Minutes later, Sen. Roger Wicker (R-Miss.), the top Republican on the Senate Science Committee, released a statement saying Lander “should not continue to serve in the administration.”

“The President accepted Dr. Eric Lander’s letter of resignation tonight with gratitude for his work at OSTP on the pandemic, Cancer Moonshot, climate change and other key priorities,” the press secretary said. of the White House, Jen Psaki, in a press release Monday evening. “He knows that Dr. Lander will continue to make important contributions to the scientific community in the years to come.”

In interviews with STAT, researchers and White House aides were divided on the impact of Lander’s ouster on the scientific work of the Biden administration.

Some have argued that the work will continue unabated regardless of Lander’s departure from the administration. The Cancer Moonshot in particular is largely isolated from Lander, several aides argued. Its director, Danielle Carnival, is a longtime Biden aide who reportedly has the president’s ear, and Lander’s resignation could only give her more power. Moreover, as currently structured, Biden’s latest effort does not require congressional support — and some of the funding for the original Moonshot in 2016 also remains available.

The fate of ARPA-H is perhaps more uncertain, largely because it requires Congress to pass authorizing language and funding for the new agency. To date, lawmakers have offered less than half of the money the Biden administration originally requested for the new agency and have been plagued with wrangling over whether the new agency should exist independently or as a unit within the NIH. It’s also unclear what bill Congress might tie it to to ensure its passage by the end of the year.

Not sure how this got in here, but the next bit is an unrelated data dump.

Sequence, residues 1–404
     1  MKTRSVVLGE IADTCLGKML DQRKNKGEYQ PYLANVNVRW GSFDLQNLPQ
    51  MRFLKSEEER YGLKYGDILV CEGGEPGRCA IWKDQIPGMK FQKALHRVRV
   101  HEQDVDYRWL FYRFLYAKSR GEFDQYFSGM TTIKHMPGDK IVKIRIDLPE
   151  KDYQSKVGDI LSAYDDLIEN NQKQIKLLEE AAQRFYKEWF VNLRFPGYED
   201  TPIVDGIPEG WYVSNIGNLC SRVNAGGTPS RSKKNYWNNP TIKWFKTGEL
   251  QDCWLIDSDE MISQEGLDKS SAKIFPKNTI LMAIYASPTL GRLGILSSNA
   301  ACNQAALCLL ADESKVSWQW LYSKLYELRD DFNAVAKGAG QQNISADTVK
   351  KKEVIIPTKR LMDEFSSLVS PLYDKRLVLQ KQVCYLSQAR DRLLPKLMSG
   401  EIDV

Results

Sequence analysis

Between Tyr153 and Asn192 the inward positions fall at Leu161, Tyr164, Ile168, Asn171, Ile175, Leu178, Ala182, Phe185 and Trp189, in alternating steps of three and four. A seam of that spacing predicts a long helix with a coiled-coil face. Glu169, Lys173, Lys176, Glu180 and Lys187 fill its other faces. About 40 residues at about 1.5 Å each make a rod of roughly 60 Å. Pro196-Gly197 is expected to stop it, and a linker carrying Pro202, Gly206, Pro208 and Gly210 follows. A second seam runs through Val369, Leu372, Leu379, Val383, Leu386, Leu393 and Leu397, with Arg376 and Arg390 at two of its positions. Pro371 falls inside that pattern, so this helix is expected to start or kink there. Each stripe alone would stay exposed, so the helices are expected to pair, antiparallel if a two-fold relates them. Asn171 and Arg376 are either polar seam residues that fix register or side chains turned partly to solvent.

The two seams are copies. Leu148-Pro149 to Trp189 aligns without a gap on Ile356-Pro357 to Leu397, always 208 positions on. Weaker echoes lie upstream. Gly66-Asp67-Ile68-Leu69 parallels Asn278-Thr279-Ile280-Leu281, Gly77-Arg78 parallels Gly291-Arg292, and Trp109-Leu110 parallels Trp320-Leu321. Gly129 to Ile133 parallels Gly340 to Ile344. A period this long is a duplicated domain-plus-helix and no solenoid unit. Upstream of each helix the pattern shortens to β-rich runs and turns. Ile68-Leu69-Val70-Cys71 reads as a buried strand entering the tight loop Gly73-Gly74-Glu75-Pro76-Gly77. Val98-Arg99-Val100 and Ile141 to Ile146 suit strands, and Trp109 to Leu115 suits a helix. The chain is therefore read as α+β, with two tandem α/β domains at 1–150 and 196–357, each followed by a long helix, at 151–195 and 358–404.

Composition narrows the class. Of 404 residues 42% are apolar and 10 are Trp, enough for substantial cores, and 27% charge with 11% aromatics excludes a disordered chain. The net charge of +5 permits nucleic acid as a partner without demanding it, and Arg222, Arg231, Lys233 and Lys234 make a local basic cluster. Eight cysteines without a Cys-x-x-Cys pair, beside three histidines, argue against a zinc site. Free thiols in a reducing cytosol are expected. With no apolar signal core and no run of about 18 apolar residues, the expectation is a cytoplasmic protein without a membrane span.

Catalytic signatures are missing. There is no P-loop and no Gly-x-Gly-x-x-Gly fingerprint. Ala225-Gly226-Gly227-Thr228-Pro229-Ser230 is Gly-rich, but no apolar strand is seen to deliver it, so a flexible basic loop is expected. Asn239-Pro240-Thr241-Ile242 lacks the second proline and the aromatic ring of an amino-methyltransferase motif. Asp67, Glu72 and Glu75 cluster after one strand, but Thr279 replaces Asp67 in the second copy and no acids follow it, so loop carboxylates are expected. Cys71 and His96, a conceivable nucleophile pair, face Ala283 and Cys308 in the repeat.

Still, key advocates for DC’s research remain optimistic, in large part because the ARPA-H proposal has the support of Democrats and Republicans in the House and Senate.

“ARPA-H and the Cancer Moonshot serve the best interests of Americans,” said Ellie Dehoney, vice president of research and policy at advocacy group Research! America, in a statement. “We believe the administration and Congress will work on a bipartisan basis to move both initiatives forward.”

Others, however, warned the White House had little room for error. Biden has already been in office for a year, and with the midterm elections looming and Republicans heavily favored to regain control of Capitol Hill, many aides see the end of 2022 as a firm deadline to achieve everything. which requires the support of the legislator.

“If we somehow miss this moment, if we fail to get these laws and initiatives off the ground, this moment will pass,” Parikh said. “There is a very small window. So I worry about distractions like this, and the fact that there are amazing minds inside the OSTP, and it overshadows their work.